Spain's supreme court rules in favour of exhuming late dictator Franco's remains

Spain's acting Prime Minister Pedro Sanchez said it is 'a great victory for Spanish democracy'

People hold a flag of the Second Spanish Republic and placards reading "Crimes against Humanity" outside the Suprime Court on September 24, 2019 in Madrid, as the court gave the green light for the government to remove the remains of Francisco Franco from a grandiose state mausoleum, rejecting an appeal against it by the late dictator's descendants. / AFP / JAVIER SORIANO
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Spain's supreme court ruled on Tuesday in favour of exhuming the remains of former dictator Francisco Franco and moving them from the state mausoleum in which he was buried in 1975.

The ruling could end decades of controversy over the burial place of the man who still divides opinion in Spain, 80 years after the end of the 1936-1939 civil war he unleashed and nearly 44 years after his death.

The government of Socialist Pedro Sanchez can now go ahead with plans to move the remains from the Valley of the Fallen mausoleum near Madrid to Mingorrubio El Pardo, a state cemetery on the outskirts of the capital where his wife is buried.

The Socialists have long sought to turn the Valley of the Fallen complex into a memorial to victims of the civil war, in which about 500,000 people were killed.

Nearly 34,000 dead from the civil war are buried there, including many who fought for the losing Republican side and whose bodies were transferred to the site during Franco's dictatorship without the permission of families.

"This is a great victory for Spanish democracy," acting Prime Minister Pedro Sanchez said.

"The determination to repair the suffering of the victims of Franco always guided the action of the government."

Deputy Prime Minister Carmen Calvo said the exhumation would be carried out "as soon as possible" but gave no date.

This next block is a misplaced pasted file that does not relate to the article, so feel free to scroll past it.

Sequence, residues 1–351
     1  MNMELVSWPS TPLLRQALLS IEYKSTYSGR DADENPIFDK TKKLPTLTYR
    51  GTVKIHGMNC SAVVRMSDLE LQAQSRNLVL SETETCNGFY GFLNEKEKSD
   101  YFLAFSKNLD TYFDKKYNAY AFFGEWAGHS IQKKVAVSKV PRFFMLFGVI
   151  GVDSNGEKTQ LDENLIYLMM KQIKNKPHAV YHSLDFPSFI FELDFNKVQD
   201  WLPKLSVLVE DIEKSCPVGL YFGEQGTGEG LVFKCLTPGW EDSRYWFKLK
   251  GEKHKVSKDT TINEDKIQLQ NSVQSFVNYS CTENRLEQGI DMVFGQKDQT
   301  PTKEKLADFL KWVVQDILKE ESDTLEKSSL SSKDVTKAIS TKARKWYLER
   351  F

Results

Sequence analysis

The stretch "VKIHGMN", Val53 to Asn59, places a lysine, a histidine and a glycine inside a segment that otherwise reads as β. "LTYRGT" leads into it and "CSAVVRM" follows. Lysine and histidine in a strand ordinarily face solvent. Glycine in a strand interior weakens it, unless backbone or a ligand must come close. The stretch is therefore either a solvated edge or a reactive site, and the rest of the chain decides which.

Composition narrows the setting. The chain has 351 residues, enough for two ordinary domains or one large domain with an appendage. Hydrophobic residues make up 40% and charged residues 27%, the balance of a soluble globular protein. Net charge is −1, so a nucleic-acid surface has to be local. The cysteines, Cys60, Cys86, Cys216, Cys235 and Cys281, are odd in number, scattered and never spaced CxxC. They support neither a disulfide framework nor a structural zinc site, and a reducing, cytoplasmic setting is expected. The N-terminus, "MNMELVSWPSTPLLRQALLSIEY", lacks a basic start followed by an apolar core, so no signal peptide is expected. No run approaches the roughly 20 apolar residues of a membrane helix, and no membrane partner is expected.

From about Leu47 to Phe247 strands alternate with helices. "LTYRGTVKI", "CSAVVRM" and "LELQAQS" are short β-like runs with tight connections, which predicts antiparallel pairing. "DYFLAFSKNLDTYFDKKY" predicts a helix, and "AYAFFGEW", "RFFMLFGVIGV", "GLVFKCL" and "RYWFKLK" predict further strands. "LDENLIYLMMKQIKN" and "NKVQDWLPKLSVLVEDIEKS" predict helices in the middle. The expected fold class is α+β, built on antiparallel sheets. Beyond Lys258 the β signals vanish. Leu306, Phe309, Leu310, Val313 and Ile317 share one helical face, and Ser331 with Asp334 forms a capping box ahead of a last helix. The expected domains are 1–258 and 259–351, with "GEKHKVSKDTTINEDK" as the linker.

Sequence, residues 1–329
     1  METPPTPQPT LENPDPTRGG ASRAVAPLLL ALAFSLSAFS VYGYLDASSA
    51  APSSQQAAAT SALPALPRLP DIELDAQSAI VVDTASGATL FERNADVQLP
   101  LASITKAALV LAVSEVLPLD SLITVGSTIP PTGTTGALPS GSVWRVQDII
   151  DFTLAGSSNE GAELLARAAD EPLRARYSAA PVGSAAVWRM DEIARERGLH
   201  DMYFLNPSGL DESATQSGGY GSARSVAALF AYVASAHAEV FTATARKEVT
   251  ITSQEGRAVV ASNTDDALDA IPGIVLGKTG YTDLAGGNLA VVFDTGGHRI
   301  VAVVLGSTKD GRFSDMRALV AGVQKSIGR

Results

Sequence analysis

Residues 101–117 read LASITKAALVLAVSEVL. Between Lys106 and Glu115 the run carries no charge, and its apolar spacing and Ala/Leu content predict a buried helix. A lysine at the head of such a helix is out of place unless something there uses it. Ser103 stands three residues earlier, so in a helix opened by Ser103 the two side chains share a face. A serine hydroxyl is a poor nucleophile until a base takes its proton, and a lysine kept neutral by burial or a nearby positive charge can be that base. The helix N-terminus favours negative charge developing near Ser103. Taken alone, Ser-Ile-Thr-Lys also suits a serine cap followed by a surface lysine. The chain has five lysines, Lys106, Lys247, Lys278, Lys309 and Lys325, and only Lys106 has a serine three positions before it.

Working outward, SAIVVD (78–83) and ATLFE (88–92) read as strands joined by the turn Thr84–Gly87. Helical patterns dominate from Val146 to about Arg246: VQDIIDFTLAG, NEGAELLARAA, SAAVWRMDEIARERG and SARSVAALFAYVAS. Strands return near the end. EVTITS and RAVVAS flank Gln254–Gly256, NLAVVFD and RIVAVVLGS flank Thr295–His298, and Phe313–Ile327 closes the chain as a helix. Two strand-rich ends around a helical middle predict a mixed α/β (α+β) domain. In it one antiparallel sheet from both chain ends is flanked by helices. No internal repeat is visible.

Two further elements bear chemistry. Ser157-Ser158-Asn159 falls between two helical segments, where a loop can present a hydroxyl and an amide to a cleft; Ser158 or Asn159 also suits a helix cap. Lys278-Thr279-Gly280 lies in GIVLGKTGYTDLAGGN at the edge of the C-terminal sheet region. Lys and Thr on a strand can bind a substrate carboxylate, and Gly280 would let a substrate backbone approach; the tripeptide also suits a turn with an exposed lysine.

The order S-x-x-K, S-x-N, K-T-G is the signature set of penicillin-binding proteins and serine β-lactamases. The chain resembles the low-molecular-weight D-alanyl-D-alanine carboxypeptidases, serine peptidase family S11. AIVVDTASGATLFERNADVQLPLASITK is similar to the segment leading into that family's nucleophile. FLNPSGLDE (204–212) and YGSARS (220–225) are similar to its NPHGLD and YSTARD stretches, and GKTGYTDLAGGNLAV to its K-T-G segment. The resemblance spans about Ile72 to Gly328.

Spain is facing its fourth election in four years in November and moving Franco's remains from the state mausoleum has long been a Socialist pledge.

Relatives and friends of victims of Franco, who ruled Spain for almost 40 years, gathered outside the Supreme Court brandishing pictures of loved ones.

They welcomed the ruling but said efforts must continue to exhume people from mass graves where many still lie anonymously.

"It's a small victory but so much more needs to be done," said 55-year old Marisa Perez.

Franco's family had appealed against exhuming his remains and against the government's plans to move them to the El Pardo cemetery. They had said that if his remains were to be moved, they should go to the Almudena Roman Catholic Cathedral adjacent to the Royal Palace in central Madrid, alongside his daughter.

The court rejected their demands.

"The fourth section of the third chamber has unanimously agreed to dismiss in its entirety the appeal filed by the family of Francisco Franco in relation to the exhumation of Francisco Franco agreed on by the government," the court statement said.

A lawyer for the family of Franco said they would make further appeals, including to European courts, but a government source said the exhumation could now go ahead.

"This is a violation of personal and family rights ... with a government prohibiting a family from burying one of its members where it wants," lawyer Felipe Utrera Molina told TVE.

A government report said last December that the Almudena cathedral was unsuitable as a burial place for security reasons.

In an effort to ease the transition to democracy after Franco's death, Spain passed an amnesty law pardoning political crimes committed during the conflict and the dictatorship in an accord known as the "Pact of Forgetting".